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Department of Geography


The Political Economy of Water Security, Ecosystem Services and Livelihoods in the Western Himalayas

This project aims to study the ways in which small towns in hill and mountain regions of South Asia depend on springs, streams and rivers in their surrounding catchments for the supply of water.

Small town

Current infrastructure planning processes for water supply in low income countries tend to focus on the needs of large urban settlements, or of rural areas, and the needs of small towns are often overlooked or neglected.

Small towns (defined as those with populations below 100,000 people) are particularly important in hill and mountain regions of India and Nepal because they have grown very rapidly, with little planning for infrastructure needs more generally, and for water supply in particular. Across the region, almost half the urban population in the Indian states of Himachal Pradesh and Uttarakhand, and in the hill regions of Nepal, live in small towns. These towns also tend to be relatively resource poor, lacking the revenue and resources available to larger settlements, and their populations and settlement patterns usually display peri-urban and semi-rural characteristics, making infastructure planning and provision particularly challenging.

The project will work in a selected set of small towns in the two Indian states, and in the hill regions of Nepal. It will undertake an assessment of the hydrological dependence of these small towns on water flows from the surrounding landscape, and identify areas that are critical to securing these water flows (‘critical water zones’). The project will study existing patterns of resource and land use in these critical water zones, and the range of ecosystem services that flow from these areas to meet the needs of local and non-local stakeholders. This will allow an understanding of the synergies and trade-offs associated with managing these areas to secure water supply for the towns, in relation to their potential use for other livelihood and resource use strategies.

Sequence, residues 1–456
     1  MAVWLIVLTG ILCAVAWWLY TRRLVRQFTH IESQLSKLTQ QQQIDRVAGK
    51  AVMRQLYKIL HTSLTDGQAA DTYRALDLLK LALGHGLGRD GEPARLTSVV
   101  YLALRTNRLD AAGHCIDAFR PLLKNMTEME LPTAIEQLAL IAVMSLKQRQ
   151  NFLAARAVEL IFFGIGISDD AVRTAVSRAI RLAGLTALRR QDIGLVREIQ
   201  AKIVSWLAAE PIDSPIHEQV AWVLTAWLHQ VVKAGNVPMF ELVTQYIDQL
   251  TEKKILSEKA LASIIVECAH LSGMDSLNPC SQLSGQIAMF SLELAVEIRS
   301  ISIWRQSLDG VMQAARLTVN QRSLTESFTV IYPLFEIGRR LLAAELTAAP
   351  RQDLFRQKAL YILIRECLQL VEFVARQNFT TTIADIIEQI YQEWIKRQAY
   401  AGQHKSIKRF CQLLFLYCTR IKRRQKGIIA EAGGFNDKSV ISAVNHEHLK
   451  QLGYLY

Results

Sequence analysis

The project will work directly with local government officials, and local communities in both urban and rural areas in these towns and their surrounding catchments, to explore the possibility for negotiating agreements that protect these critical water zones, without adversely affecting livelihood options for upstream residents.

The project will also explore, where appropriate, the possibility of compensation based mechanisms to offset costs associated with changes in resource and land use patterns undertaken by upstream communities in order to secure water supplies in these catchments. The learning from this project is particularly important for understanding the ways in which urban and rural areas interact with each other in the context of flows of ecosystem services. The hydrological dependence of small towns on their surrounding ecosystems provides the potential for negotiated agreements that secure water supplies to these towns (especially the urban poor), while also ensuring secure livelihoods for upstream local communities, and protecting and enhancing a range of other ecosystem functions in the surrounding watersheds. This project will explore the conditions under which such synergies can be realised, while also exploring and highlighting the trade-offs and difficult choices that characterise decision- making in such contexts.